Virtual Onboarding During COVID – What Are We Missing?
By Simone Putnam, SPHR, SHRM-SCP, Partner-in-Charge, Managed Human Resources
Many nonprofit and for profit executives were pleasantly surprised when employees transitioned to a fully (or almost fully) remote workforce. We felt proud of our IT infrastructure, which kept everyone “plugged in” so they could do their jobs. We felt proud of our employees for rearranging home responsibilities to allow them to be highly productive from their home environments. Many organizations saw revenue remain in line with budget projections and, in some cases, increase. So what are the downsides to operating in a fully remote environment?
Over the past year, team members who had worked together in the office pre-COVID have identified some downsides as being:
- Reduction in team cohesiveness.
- Dip in employee morale.
- Distancing from brand identity.
If a fully remote workforce can make existing team members feel disconnected, imagine what it is like for new hires who start a job virtually without having the benefit of bonding in-office with their team and organization at large.
Teams that used to partake in friendly office banter, eat lunch together and participate in bonding activities outside of the office built a level of cohesiveness that new, virtually on-boarded team members have not yet experienced. Similarly, team members who participated in organization-wide meetings, in-person conferences, etc., felt a stronger connection or sense of brand identity with their organizations than team members who have not participated in those activities.
Being socially isolated from one another has had a negative impact on employee morale in a lot of organizations. Video conferencing has become a great substitute for in-person meetings, but its use is almost exclusively business-focused. Employees do not generally use video conferencing to replace friendly office interactions. Given our social isolation during the work day, we are glued to our screens many more hours than pre-COVID. When employees want some down time, rarely are they enthusiastic about spending that downtime on yet another video call, even to engage in a relaxed conversation with a colleague.
When we noticed turnover and an uptick in hiring activity during the first half of 2020, we were initially surprised that there was so much movement among jobs during a pandemic. We took it as a good sign that the economy was healthy despite the circumstances. But now that we’re several months into the tenure of employees who were virtually on-boarded and have been working in a fully remote environment, we are seeing a lot of employee relations issues. Many of these issues center around miscommunication.
Most new team members have never met a colleague (or anyone from their company) in person. Because they do not have the experience of getting to know their colleagues from in-person interactions, they do not have a personal relationship foundation on which to build a working relationship. Leaders recognized that virtual onboarding in a fully remote workforce would be “different”; much time and energy went into revamping the onboarding process to give new team members the greatest likelihood of success. Technology equipment was shipped to employees’ homes, new employees met virtually with HR and then were turned over to their team members virtually to get up to speed with their new job responsibilities. But the sense of team cohesiveness was lost.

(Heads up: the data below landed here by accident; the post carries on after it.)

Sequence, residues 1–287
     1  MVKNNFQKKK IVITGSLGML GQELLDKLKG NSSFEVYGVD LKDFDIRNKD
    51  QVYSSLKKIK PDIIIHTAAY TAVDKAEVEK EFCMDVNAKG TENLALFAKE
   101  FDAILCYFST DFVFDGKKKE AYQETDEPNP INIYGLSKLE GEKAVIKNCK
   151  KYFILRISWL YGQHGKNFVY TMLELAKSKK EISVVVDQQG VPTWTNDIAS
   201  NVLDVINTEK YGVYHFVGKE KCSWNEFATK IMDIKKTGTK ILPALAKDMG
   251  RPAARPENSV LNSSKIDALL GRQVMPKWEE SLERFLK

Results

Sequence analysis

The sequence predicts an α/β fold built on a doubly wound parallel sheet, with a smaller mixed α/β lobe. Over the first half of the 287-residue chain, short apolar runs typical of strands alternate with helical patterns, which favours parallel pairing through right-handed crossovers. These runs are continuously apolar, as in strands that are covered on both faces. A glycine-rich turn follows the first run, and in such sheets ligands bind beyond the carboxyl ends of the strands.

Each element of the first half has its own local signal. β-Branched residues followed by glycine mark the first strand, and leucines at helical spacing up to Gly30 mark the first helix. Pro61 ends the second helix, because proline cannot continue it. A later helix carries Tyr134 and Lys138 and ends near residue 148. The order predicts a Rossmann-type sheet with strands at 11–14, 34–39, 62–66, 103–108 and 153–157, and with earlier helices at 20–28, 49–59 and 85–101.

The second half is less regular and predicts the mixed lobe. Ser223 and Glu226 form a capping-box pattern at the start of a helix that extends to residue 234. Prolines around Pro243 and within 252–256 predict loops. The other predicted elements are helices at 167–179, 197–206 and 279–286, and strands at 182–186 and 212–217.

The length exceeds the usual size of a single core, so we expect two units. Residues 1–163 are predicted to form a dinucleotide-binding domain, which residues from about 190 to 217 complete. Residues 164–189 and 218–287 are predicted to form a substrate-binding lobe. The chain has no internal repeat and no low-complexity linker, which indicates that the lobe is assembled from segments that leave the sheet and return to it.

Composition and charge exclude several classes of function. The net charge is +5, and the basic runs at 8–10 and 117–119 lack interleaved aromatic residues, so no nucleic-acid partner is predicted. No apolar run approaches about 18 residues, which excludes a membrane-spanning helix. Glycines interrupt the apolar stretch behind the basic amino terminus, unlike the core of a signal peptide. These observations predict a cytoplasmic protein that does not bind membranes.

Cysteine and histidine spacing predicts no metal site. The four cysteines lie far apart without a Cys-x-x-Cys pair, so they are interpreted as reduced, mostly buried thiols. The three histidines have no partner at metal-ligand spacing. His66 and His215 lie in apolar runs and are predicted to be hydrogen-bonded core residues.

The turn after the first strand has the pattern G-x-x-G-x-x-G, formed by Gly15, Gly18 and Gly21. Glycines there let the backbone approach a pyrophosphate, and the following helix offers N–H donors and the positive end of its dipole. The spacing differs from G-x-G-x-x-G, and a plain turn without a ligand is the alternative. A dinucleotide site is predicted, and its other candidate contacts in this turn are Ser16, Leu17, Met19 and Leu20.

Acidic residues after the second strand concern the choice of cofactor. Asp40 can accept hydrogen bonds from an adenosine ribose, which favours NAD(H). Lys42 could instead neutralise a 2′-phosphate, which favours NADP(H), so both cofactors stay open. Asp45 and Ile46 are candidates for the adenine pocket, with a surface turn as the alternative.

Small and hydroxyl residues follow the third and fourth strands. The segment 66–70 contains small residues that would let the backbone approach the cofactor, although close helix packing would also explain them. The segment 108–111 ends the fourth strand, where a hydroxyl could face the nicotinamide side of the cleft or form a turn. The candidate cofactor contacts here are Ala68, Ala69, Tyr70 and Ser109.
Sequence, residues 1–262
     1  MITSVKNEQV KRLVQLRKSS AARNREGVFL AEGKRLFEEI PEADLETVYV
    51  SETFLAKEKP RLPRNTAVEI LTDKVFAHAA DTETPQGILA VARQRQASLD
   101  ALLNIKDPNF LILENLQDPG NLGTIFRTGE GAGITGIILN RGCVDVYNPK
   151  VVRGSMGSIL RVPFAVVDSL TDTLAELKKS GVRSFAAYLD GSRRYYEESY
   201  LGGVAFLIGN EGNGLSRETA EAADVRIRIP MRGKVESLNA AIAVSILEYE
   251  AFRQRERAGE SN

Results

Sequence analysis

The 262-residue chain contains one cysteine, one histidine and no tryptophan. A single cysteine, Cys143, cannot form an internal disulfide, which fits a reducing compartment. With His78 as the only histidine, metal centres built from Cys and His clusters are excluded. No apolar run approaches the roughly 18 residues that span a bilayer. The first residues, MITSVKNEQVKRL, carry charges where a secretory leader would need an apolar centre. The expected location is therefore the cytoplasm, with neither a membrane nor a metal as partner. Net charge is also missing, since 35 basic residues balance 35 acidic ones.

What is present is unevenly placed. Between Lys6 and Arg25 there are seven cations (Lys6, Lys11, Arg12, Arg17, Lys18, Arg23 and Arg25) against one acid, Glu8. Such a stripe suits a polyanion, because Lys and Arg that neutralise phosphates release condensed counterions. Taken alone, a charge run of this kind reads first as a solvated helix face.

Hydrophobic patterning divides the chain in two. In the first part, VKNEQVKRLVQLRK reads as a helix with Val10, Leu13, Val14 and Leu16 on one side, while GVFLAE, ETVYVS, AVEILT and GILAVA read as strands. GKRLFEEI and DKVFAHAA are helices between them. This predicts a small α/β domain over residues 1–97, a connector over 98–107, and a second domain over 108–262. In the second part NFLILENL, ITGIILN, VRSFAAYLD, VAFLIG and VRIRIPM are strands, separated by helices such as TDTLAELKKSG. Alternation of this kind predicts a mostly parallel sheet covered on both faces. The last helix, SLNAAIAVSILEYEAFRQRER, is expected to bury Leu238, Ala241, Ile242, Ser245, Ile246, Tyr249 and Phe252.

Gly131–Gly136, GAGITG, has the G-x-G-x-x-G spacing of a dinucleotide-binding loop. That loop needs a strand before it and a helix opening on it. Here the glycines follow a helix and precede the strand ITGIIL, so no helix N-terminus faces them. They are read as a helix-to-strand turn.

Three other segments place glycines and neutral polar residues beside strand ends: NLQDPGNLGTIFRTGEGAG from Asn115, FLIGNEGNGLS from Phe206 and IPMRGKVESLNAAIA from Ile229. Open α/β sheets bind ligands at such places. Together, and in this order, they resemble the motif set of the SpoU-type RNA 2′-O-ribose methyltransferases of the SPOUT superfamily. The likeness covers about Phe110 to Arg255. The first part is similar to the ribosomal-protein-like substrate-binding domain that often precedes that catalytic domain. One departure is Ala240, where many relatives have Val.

Almost every employee in every organization has reported higher levels of stress, working longer hours and greater difficulty balancing work and home life responsibilities since COVID. So it is understandable that team members are heavily focused on getting the work done and have less time and energy to focus on building personal relationships in the virtual office. This is an OK temporary pause for those employees who worked together in person historically, but it leaves out the new team members who are trying to get to know their colleagues and feel connected to people they have never met in person.
So what are organizations to do?
- Brainstorm with your team members to generate ideas for activities you can weave into the work day that allow for touch points with colleagues that are not always business-related.
- Interview your newest team members to find out what they think you did well to make them feel connected to the team and ask what you could have done differently.
- Connect with other leaders outside your organization to learn about their experiences with virtual onboarding and share success stories and pitfalls to avoid.
Remember, all relationships take work, and while we are busy focusing on the onboarding experience of our newest team members, we must also be aware of the employee morale of our existing team members. Take the time to ask your employees how you as a leader can continue to foster the feeling of team cohesiveness and sense of belonging that many team members felt with daily in-person interaction pre-COVID.
While many people agree that work life post-COVID will look different from work life pre-COVID, I’m hopeful we’ll blend the best of the in-person workforce with the best of the remote workforce to achieve the perfect balance for everyone.
Marcum’s Managed Human Resources Services team is here to support organizations with any HR needs that arise during this time of crisis and beyond. If we can be of assistance, please reach out to Simone Putnam at email@example.com<.